Social Change, Race, and Racism.

Slavery, Colonialism, and Racial Formation.

William Du Bois: Slavery and Racial Inequality in the US.

Race and Class.

Race, Community, and Democracy.

Culture and the New Racism.



13. The Social Reproduction of Inequality: Pierre Bourdieu’s Theory of Class and Culture.

Social Stratification.

Family and School in the Production of Cultural Capital.

Taste and Everyday Culture.



14. Postmodernity.

Critique of the Modern.

Postmodern Culture.



15. Globalization.

Defining Globalization.

Economic Globalization.

Immanuel Wallerstein: The Modern World-System.

From World-Economic to Global Inequality.

Political Globalization: The Nation-State in the New Order.

Cultural Globalization.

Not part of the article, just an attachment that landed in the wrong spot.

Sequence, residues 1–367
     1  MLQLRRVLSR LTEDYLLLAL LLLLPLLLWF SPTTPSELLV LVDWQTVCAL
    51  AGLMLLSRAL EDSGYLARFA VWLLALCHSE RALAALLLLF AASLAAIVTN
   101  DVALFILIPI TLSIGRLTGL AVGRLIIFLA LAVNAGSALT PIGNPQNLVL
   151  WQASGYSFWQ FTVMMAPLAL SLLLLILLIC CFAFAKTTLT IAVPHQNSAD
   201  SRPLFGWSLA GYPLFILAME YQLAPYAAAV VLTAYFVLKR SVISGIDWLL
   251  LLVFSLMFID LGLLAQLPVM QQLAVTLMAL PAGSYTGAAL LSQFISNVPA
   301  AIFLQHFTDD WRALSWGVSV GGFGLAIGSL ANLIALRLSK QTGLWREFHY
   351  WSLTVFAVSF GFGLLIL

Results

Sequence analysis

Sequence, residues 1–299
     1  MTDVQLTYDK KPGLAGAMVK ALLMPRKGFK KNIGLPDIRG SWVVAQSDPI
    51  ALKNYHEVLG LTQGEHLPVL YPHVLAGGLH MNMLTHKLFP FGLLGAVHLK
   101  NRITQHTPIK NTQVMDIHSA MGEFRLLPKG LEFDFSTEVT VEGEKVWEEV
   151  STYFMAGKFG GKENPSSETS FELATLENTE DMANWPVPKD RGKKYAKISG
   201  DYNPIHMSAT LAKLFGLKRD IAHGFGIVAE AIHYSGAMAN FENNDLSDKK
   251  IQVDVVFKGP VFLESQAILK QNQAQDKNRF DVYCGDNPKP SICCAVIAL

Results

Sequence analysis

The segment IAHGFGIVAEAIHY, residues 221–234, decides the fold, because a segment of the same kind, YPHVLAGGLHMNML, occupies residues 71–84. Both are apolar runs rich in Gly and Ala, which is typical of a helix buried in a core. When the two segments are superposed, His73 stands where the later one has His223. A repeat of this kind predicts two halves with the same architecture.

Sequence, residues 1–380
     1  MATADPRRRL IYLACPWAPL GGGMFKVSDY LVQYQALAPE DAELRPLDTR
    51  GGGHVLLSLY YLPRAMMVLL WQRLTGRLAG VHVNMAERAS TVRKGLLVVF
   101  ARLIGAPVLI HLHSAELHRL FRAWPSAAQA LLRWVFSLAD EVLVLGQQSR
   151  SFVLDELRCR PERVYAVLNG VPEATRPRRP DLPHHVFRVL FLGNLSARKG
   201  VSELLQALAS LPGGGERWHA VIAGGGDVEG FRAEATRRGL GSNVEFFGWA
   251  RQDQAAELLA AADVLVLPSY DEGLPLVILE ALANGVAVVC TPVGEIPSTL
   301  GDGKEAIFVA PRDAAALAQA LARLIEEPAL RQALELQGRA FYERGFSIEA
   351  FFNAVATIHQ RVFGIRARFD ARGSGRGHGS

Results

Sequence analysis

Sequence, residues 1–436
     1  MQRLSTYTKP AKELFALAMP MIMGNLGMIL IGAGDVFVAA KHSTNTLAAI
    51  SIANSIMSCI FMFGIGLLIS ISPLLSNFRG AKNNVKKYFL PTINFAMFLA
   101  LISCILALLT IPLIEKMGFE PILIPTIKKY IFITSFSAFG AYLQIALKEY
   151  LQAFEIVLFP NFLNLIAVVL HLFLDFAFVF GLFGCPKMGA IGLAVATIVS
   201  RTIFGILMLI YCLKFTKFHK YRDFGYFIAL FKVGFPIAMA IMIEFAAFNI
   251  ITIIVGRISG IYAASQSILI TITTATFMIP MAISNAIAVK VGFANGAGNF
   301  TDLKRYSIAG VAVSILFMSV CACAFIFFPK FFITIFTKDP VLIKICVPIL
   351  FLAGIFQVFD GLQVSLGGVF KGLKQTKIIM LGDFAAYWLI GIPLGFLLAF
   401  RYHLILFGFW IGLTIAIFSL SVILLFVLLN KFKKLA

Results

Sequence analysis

Cities and Migration in a Globalizing Society.

Globalization of Risk.

Political Mobilization in the Globalizing Society.






Read More Show Less

Customer Reviews

Be the first to write a review
( 0 )
Rating Distribution

5 Star


4 Star


3 Star


2 Star


1 Star


Your Rating:

Your Name: Create a Pen Name or

Barnes & Review Rules

Our reader reviews allow you to share your comments on titles you liked, or didn't, with others. By submitting an online review, you are representing to Barnes & that all information contained in your review is original and accurate in all respects, and that the submission of such content by you and the posting of such content by Barnes & does not and will not violate the rights of any third party. Please follow the rules below to help ensure that your review can be posted.

Reviews by Our Customers Under the Age of 13

We highly value and respect everyone's opinion concerning the titles we offer. However, we cannot allow persons under the age of 13 to have accounts at or to post customer reviews. Please see our Terms of Use for more details.

What to exclude from your review: